Bad breath in dogs can have many causes. In addition to improper nutrition and poor oral hygiene, bad dog breath can also be caused by a disease. If your four-legged friend is ill, the veterinarian must determine what it is.
Here you can learn more about possible diseases that can be associated with bad breath.
First, let’s say that bad breath is often temporary, such as when your dog has picked up feces, garbage or carrion while on a walk. However, if the foul breath refuses to go away and it is not due to diet, the following conditions could be a possibility.
Bad breath due to diseases in the mouth and throat area
Diseases of the mouth and throat are among the most common causes of a dog’s foul-smelling mouth. Bacteria accumulation on teeth and gums can be the reason for the stink – in this case, thorough and regular dental care helps.
If too many bacteria are permanently present in the mouth and even enter the bloodstream from there, serious illnesses such as organ damage can result.
Eczema, such as mucinous eczema, is also a cause of bad breath. This is inflamed skin folds in the mouth. If your cold-snouted dog has injured himself on a piece of bone, for example, bacteria can settle there and cause foul-smelling inflammations.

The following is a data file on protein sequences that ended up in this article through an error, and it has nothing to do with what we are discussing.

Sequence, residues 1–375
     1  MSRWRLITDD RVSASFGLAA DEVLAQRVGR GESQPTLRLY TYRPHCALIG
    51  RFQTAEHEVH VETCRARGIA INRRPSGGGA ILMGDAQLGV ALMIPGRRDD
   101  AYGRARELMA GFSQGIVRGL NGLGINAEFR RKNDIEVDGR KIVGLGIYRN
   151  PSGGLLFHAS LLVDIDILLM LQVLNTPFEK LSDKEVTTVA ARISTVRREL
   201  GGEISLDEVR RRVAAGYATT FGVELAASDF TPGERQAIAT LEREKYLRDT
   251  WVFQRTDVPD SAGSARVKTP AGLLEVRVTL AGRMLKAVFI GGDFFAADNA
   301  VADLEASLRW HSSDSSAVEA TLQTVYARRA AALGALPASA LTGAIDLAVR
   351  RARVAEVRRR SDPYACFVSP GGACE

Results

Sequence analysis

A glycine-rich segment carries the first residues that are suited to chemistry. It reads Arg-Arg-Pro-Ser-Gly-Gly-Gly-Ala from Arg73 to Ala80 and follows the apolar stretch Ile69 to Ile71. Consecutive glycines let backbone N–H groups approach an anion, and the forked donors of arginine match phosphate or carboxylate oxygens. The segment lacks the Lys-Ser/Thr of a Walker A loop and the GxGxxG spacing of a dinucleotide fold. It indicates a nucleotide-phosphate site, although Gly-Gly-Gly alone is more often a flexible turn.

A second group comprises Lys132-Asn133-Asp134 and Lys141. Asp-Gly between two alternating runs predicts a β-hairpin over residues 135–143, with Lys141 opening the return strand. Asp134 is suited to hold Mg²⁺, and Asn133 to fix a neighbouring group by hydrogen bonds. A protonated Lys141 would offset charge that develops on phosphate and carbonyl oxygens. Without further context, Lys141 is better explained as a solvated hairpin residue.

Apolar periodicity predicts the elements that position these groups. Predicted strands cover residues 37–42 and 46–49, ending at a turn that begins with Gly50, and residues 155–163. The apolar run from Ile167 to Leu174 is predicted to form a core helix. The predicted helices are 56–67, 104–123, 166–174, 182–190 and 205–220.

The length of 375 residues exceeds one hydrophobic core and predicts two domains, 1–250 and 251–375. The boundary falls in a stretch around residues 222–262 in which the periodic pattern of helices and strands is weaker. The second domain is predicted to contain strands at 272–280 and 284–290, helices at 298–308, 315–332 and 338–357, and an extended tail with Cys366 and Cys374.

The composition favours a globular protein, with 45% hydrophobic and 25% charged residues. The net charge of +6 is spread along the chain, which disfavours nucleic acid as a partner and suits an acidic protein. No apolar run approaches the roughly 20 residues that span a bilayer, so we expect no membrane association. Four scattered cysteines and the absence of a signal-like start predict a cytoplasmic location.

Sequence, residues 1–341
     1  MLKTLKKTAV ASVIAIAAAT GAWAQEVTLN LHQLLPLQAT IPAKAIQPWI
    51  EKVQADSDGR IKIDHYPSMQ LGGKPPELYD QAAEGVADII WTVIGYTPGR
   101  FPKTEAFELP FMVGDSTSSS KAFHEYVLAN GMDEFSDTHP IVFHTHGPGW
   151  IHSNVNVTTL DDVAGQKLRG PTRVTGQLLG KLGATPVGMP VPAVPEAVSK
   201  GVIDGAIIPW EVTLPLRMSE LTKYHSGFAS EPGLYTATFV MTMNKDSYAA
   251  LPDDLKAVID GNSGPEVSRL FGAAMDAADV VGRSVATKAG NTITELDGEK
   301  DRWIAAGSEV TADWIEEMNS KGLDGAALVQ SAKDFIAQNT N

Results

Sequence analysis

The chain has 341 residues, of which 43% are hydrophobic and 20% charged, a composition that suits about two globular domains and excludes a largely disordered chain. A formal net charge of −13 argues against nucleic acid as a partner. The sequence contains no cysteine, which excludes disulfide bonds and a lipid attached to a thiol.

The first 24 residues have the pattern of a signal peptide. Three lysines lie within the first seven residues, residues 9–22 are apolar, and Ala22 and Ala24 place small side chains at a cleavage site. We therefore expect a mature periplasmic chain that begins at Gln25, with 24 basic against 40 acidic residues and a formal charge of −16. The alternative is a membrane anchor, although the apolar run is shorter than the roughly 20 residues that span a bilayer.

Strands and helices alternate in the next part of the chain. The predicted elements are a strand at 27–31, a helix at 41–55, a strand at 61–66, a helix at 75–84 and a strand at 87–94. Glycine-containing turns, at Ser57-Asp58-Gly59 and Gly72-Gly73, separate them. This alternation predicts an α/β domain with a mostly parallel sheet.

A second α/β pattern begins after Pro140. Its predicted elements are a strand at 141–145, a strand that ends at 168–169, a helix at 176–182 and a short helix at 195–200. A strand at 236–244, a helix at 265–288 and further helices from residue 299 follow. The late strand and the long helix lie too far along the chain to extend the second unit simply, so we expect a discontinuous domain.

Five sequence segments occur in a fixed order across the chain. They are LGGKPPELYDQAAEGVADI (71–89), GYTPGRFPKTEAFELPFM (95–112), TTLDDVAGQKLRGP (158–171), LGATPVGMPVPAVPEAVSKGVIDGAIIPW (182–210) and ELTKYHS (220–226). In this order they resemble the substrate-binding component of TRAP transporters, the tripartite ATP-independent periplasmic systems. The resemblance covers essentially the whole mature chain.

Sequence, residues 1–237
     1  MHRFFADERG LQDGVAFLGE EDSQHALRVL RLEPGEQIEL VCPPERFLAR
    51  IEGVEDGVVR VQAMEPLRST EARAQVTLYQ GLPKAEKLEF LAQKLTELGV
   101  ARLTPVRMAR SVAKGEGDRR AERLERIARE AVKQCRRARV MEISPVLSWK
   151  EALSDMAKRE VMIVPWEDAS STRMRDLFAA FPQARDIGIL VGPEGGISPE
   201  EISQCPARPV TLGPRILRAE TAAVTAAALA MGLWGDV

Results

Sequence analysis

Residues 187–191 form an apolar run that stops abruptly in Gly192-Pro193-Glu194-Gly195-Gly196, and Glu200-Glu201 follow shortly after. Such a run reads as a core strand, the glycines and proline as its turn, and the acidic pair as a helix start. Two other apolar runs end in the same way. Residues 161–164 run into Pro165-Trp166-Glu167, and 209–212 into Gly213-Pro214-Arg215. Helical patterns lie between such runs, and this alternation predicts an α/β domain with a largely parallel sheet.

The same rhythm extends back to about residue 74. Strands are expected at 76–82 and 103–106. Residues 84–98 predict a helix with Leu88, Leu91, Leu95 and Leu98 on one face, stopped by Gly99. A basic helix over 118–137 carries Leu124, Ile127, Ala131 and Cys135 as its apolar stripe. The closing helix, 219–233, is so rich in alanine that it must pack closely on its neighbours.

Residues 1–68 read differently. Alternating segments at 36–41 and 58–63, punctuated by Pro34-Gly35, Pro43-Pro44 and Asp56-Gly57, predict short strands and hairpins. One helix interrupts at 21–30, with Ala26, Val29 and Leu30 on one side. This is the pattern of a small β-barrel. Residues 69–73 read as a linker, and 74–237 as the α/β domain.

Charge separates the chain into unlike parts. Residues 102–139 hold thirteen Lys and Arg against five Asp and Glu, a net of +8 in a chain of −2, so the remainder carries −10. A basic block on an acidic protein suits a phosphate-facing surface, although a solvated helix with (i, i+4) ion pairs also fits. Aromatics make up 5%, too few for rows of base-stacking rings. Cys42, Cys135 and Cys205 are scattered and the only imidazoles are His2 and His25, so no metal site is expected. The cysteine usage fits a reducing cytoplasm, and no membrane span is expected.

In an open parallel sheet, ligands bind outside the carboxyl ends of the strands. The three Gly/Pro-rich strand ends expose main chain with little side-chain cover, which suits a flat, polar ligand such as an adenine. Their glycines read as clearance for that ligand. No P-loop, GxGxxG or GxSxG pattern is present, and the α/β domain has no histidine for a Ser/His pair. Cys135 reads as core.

Organ and metabolic diseases possible
Bad breath can also be an indication that your dog is seriously ill. For example, diseases of the internal organs such as the liver, kidneys and heart or of the metabolism may be behind the stench. This includes tumors or diabetes.
The type of bad breath can provide information about a possible disease. If the dog’s mouth smells foul, dental caries or a festering tooth could be at the root. If it smells like carrion and decay, ailments such as tartar, mucosal eczema, or inflammation of the gums or oral mucosa are likely.
For an ammonia-like or urine-like odor, the cause is often kidney disease. If it smells bitter, it may come from the stomach (gastritis). A fruit-like odor may indicate diabetes. Whether your four-legged friend is ill, and if so, how serious it is, should always be examined by a veterinarian.